What services should you include -- and exclude -- in your managed services offering? A recent call from one of our Virtual Administrator partners got me thinking about that question. John (a fictitious name) told me a story of a managed services client who demanded a service I feel lies outside the scope of a reasonable managed services contract. Here's the story, and some guidance for established and aspiring MSPs.
John's client, a law firm, had planned a move to a larger office suite down the street and requested John's help. John told the managing partner he would be more than happy to move his workstations and servers, but there would be an hourly charge to do so. The managing partner of the law firm disagreed. He pointed out that nowhere in John's managed services contract did it clearly state what services were included and excluded. He felt that as part of his service, John should be responsible tearing down and setting up their equipment at the new location. After all, John had told him he would take care of all of his technology problems as part of the managed services agreement.
John was in a quandary. His client was right, he never spelled out what was included and excluded. John did tell him in his initial sales pitch that he would take care of all of his technology needs. That's a pretty broad statement to make any client, much less a lawyer.
At the end of the day, John honored his request and spent a day and a half of his valuable time implementing the move. This led to John calling me to ask what services he should include and exclude from his managed services offering. Here is what I think, based on my experience at Virtual Administrator and Network Depot...
- Help Desk Support: Help your customer remotely solve workstation issues.
- Onsite Repair: There should be some limitations here, but normal onsite repair work such reinstalling corrupted Operating Systems and fixing and repairing hardware failures/issues should be included.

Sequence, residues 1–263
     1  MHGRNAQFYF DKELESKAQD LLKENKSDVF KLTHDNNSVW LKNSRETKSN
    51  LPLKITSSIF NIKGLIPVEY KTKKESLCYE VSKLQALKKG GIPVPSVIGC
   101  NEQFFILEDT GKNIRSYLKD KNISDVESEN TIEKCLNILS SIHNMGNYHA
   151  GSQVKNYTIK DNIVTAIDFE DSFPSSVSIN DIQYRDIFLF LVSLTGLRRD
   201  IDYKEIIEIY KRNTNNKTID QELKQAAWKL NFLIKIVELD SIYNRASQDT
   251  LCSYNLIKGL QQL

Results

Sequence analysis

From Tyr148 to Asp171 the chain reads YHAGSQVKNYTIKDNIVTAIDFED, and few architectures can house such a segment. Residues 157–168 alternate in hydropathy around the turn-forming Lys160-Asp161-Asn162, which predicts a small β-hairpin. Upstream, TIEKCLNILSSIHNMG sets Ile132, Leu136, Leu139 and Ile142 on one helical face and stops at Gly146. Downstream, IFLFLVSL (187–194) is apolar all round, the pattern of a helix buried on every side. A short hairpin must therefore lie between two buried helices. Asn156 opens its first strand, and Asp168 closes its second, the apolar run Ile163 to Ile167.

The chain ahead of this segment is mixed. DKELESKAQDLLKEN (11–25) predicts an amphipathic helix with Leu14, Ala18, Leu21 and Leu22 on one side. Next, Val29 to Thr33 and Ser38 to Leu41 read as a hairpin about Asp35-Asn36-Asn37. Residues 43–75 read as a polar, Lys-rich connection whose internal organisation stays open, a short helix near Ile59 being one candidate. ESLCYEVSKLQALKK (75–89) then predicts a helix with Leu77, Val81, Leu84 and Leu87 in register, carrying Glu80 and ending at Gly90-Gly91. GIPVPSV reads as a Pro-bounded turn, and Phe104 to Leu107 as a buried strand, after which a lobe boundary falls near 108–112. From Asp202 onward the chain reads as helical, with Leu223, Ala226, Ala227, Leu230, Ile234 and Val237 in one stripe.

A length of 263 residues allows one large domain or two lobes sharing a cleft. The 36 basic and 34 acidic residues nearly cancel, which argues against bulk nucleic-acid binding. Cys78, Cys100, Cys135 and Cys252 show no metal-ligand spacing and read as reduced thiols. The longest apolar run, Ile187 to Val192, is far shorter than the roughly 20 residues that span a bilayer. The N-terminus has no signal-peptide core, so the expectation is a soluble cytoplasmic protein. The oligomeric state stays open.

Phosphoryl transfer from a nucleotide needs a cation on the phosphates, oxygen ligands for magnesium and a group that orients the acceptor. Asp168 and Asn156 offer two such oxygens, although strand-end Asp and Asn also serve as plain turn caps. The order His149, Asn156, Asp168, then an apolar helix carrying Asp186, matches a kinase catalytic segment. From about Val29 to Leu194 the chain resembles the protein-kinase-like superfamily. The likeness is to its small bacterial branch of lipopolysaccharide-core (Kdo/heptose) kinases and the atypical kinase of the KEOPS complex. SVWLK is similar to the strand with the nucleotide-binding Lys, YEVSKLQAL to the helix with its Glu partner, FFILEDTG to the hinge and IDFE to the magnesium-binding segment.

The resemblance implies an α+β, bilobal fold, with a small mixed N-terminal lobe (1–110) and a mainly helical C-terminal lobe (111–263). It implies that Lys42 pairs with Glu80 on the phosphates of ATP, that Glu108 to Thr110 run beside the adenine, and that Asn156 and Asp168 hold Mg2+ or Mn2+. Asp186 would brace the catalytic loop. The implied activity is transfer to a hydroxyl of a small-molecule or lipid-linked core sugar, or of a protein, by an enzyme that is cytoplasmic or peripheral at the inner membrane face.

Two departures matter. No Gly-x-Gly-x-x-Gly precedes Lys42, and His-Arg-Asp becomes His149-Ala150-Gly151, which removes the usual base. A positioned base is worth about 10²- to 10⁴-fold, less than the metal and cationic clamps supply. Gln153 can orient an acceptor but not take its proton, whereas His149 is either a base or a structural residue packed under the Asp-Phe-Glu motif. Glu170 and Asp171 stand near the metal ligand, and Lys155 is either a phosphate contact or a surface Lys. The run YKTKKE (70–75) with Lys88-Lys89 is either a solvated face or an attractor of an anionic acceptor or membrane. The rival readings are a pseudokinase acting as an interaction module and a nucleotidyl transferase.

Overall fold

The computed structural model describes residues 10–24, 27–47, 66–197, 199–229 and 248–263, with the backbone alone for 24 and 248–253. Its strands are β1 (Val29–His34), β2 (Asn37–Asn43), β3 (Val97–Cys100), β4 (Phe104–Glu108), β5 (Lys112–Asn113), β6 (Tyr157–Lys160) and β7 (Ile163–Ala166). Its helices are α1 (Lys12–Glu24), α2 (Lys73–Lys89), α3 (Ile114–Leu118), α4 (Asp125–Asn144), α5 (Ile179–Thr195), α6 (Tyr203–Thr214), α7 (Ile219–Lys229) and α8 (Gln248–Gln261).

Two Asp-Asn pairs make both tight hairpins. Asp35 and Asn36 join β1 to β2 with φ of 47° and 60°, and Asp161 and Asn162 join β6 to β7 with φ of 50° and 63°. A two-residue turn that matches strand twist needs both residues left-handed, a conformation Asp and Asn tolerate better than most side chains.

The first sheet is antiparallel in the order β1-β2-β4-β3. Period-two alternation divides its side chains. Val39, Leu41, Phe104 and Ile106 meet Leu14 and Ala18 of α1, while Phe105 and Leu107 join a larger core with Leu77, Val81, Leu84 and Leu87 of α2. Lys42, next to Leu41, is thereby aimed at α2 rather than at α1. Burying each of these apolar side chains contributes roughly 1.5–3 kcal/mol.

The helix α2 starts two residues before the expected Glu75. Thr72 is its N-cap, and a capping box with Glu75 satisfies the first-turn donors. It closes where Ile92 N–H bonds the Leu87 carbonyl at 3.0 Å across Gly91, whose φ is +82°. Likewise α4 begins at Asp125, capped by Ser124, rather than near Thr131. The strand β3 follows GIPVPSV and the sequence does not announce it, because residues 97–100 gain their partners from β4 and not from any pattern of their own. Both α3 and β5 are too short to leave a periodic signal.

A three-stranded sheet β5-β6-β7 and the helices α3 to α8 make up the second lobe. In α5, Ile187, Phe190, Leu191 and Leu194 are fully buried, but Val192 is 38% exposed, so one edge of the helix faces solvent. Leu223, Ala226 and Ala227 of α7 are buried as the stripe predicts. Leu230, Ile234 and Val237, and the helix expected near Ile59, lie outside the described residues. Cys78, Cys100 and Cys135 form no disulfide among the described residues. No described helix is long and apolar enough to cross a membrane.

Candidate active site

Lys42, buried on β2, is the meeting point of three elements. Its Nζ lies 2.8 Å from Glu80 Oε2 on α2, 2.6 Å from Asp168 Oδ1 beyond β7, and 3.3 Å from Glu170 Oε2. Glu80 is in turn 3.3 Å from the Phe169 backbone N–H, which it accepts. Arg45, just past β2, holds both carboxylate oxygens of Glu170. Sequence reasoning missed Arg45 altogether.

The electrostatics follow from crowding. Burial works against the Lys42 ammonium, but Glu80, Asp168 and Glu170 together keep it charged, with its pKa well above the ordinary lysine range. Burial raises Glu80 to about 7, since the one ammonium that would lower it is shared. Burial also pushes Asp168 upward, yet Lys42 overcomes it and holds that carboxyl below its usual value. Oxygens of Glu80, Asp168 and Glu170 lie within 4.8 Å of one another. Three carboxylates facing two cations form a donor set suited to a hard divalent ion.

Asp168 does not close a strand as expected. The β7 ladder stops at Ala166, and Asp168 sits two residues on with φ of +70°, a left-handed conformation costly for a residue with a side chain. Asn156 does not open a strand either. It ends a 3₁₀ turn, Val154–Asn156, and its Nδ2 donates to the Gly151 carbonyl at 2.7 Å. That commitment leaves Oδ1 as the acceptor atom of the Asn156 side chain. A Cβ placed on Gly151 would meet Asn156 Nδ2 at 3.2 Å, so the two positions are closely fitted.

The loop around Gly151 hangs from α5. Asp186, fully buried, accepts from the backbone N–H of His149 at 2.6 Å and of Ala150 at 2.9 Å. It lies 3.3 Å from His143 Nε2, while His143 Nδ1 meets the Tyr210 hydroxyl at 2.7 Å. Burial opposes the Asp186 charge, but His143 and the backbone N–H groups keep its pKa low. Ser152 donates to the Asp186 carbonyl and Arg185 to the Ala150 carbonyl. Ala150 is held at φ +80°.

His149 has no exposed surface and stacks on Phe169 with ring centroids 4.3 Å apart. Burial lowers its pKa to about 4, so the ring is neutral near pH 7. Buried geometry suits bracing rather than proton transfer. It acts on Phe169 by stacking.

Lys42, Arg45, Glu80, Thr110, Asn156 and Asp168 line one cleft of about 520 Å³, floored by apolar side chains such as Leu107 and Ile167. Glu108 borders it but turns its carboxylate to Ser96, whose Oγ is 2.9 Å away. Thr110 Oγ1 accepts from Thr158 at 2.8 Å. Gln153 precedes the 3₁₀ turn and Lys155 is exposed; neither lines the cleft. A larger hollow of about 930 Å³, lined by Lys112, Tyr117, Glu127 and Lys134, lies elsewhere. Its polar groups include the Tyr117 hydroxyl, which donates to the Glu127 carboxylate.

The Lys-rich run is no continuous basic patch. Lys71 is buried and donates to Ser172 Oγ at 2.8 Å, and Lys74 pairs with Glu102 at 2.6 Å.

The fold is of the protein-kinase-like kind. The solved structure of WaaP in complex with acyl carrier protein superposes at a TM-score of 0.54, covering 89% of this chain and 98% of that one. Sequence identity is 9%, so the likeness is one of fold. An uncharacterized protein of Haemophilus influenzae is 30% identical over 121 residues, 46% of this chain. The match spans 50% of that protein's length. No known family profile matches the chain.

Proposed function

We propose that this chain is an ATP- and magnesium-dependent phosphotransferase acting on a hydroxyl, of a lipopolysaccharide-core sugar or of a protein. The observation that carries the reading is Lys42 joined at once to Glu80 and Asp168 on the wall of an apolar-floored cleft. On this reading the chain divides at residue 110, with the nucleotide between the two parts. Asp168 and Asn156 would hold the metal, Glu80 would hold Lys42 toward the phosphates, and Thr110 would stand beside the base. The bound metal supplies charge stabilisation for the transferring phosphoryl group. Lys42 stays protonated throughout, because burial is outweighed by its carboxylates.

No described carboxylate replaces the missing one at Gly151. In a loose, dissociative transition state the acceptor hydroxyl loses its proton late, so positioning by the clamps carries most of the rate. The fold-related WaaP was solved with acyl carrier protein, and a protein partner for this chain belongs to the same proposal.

- Server Support: Remote and onsite server support should be included.
- Switch and Firewall Management: Manage, monitor and support switches and firewalls.
- Remote Monitoring/Management: Remote monitoring, reporting, and patch management of network attached systems.
- Project Work: This includes installation and configuration of new equipment, major systems/hardware upgrades, virtualization, major network reconfiguration, etc.
- Moves: Lesson learned from John's mistake. Moves to new locations should be billed hourly.
- Major Software Upgrades: OS upgrades, new management systems, database implementations, etc.
- Disasters: Recovering and rebuilding after floods, fires, earthquakes, lightning strikes, pipe leaks, power surges/failures, etc.
- Hardware Failures: While I think the labor should be included, the cost of replacing the hardware itself should not.
- Legacy Hardware: Limit the age of hardware and software you support. For example; no servers older than six years and/or running an OS more than two generations old.
The moral of this story is to spell out what your plan includes and excludes. You have to use some common sense when putting your offering together. Exclude too many things, and you will scare away potential clients away. Include too much, and you end up painting yourself into a corner.
Paul Barnett is marketing director for VirtualAdministrator, which offers hosted solutions for managed service providers. Read all of Paul’s guest blogs here. Guest blog entries such as this one are contributed on a monthly basis as part of MSPmentor’s 2010 Platinum sponsorship.